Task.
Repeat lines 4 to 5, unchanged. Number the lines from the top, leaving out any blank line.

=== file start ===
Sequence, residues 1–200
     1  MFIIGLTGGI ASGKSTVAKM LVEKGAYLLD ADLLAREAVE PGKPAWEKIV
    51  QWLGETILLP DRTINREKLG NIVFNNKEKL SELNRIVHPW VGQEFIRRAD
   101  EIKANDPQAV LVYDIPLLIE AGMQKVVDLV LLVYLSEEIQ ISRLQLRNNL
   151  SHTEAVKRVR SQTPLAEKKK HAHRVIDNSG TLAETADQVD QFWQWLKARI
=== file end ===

   101  EIKANDPQAV LVYDIPLLIE AGMQKVVDLV LLVYLSEEIQ ISRLQLRNNL
   151  SHTEAVKRVR SQTPLAEKKK HAHRVIDNSG TLAETADQVD QFWQWLKARI